Outback Steakhouse Outlasts the Down Under Fad
Celebrating its 25th anniversary, Outback knows when to go new—introducing updated designs, healthy menu options, and new flavor profiles—and when to stay true to its concept, culture, and proven leadership.
In the 1980s, easy-going adventurer Crocodile Dundee was America’s hero and a visit to his homeland Australia was on just about everyone’s bucket list. Inspired by the laid-back legacy of Dundee and his land Down Under, friends and restaurant veterans Chris Sullivan, Robert Basham, Tim Gannon, and Trudy Cooper opened the first Outback Steakhouse in Tampa in 1988.
“At that time, steakhouse meant either Sizzler or Ruth’s Chris; there were not a lot of choices in between,” says Outback president Jeff Smith, who has been with the company for 24 of its 25 year history. “The partners saw the opportunity to create a niche in the marketplace with a full-service steakhouse that offered very high quality chef-inspired food in a very casual atmosphere.”
Smith describes the original interior decoration as “almost aboriginal” with items such as spears on the walls. “They wanted to put the money on the plate, not in the visual décor,” he says.
With the recession came some serious soul searching. “It was a challenging time for the entire industry and we had to look hard in the mirror and think about the new normal and how we were going to survive and thrive,” Smith notes. In 2009, the partners retooled Outback’s menu to further their goal of making it an everyday rather than just a special-occasion destination.
“The original concept of Outback was value oriented and that really drove our sales, so our goal was to have entry-level price points in every category to make our brand more approachable,” he says.
When prices on some commodity items such as chicken deflated, the restaurant dropped its menu prices. The price of “Chicken on the Barbie,” for example, was reduced by two dollars. Attractively priced additions included roasted pork tenderloin for $10.99. As proof of the effectiveness of this strategy, Smith points to the fact that, as of mid-August, Outback had experienced its thirteenth consecutive quarter of same-store sales growth.
In addition to appealing to today’s consumer’s budget, Outback has tweaked its menu to accommodate diners who want to eat healthier diets. Early on, Smith says, consumers wanted very indulgent meals with the focus on large quantities of food. Now they still want their meals to feel indulgent, but it is more about flavor profiles than quantity.
Outback offers a number of options at or below 600 calories and these items are called out on the menu. The company’s website posts full nutritional information for all of its menu items and allows consumers to customize their entrée and side selections to suit their specific taste and nutritional needs.
Guests were given even a wider array of options when, in 2011, Outback introduced wood-fired grills into its new and renovated kitchens. Steaks can still be ordered seasoned with the chain’s signature 17-spice blend and seared in classic Outback style. In addition to giving consumers a choice as to how they would like their steaks to be cooked, the oak wood-fired grill “gives us a big platform to innovate new and exciting products” in other categories such as chicken and seafood, Smith says.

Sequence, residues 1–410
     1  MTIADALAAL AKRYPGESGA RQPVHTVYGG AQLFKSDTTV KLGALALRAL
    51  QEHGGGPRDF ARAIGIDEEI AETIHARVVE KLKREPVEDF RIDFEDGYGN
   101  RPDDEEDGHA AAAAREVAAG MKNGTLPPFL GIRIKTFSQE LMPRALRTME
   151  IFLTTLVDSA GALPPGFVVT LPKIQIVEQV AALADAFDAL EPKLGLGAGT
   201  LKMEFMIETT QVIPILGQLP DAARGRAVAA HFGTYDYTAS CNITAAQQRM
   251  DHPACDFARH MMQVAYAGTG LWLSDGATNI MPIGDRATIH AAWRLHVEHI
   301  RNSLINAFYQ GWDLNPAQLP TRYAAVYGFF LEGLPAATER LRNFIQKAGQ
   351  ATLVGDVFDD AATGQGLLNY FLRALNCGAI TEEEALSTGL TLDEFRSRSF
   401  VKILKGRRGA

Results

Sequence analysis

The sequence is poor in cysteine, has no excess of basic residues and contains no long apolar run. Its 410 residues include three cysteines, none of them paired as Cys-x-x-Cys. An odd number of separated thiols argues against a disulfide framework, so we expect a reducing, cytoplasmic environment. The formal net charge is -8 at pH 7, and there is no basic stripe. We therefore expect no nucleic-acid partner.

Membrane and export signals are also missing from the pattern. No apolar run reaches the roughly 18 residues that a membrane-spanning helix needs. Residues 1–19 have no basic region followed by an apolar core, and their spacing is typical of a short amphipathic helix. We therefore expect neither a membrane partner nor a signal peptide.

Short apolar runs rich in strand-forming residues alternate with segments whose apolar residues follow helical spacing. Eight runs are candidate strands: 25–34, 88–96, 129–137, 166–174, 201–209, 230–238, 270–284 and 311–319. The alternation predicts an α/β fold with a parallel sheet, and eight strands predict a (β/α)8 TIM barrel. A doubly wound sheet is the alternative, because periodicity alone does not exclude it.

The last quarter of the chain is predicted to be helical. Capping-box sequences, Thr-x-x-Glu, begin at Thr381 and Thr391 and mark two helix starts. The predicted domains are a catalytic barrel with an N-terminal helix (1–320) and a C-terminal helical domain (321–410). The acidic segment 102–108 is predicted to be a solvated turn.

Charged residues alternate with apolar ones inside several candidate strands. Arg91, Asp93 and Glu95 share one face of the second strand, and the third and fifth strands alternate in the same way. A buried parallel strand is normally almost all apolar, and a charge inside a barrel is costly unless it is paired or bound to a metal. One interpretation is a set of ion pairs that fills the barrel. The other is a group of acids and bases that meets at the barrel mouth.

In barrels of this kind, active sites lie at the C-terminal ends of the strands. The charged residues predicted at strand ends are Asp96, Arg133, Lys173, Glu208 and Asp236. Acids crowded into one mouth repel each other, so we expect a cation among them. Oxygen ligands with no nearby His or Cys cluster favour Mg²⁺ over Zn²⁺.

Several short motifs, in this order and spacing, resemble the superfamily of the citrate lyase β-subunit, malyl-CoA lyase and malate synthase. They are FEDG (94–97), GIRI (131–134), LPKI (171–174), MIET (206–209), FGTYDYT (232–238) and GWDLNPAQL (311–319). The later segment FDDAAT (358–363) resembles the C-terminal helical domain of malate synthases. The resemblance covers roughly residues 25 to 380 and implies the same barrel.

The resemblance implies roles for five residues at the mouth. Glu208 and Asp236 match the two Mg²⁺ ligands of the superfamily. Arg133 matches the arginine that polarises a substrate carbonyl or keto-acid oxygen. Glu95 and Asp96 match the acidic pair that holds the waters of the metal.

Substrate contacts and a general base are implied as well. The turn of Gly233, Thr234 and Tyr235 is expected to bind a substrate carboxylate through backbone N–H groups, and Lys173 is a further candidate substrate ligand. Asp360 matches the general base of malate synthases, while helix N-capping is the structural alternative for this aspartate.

The company has also been working to give its restaurant interiors and exteriors a more contemporary look and feel. Inside, a more modern representation of Australia, with photos, sculptures, and other accents depicting the indigenous flora and fauna, geography, lifestyle, and leisure of the country, is taking the place of the early aboriginal décor. To date, the chain has renovated about 400 of its restaurants.
A new exterior, introduced in 2012, features enclosed patio areas wrapping the front and side elevations. These patio areas are accented with exposed heavy timber detailing and wood louvers and screens. The main entry has also been updated with a new tower design.
From the beginning, maintaining a consistent culture has been an integral part of the company’s growth plans and retaining store managers has been a major part of the equation. Store managers are considered to be “managing partners” who are offered an equity stake in the business. They also sign five-year contracts.
“Every operator wants to own his own restaurant,” Smith says. “The positive offer of ownership helps keep the managers engaged with running the restaurant much more effectively than having to worry about hitting the metrics so upper management won’t give them a hard time.”
At the end of the five-year contract, the managers may re-sign for another five. Smith notes that the retention rate is “very high” with some constantly re-signing for as many as 15 to 20 years. This consistency in store management also creates a stable environment for the hourly workers, a factor which contributes to the low turnover rate among these employees, according to Smith.
Outback has 979 locations around the globe, including Australia, Brazil, Canada, Hong Kong, Japan, and Korea. Of those, 769 are in the U.S., in every state except for Maine and North Dakota, and 106 of the domestic units are franchised.
Outback Steakhouse was first publicly traded in 1991. In 2007 it went private, then public again in 2012. It is part of the Bloomin’ Brands family of restaurants that also includesCarrabba's Italian Grill, Roy's Hawaiian Fusion, Bonefish Grill, and Fleming's Prime Steakhouse. In the second quarter of the current fiscal year, which ended June 30, comparable store sales at Outback Steakhouse’s domestic locations were up 2.8 percent over second quarter 2012.
By Marilyn Odesser-Torpey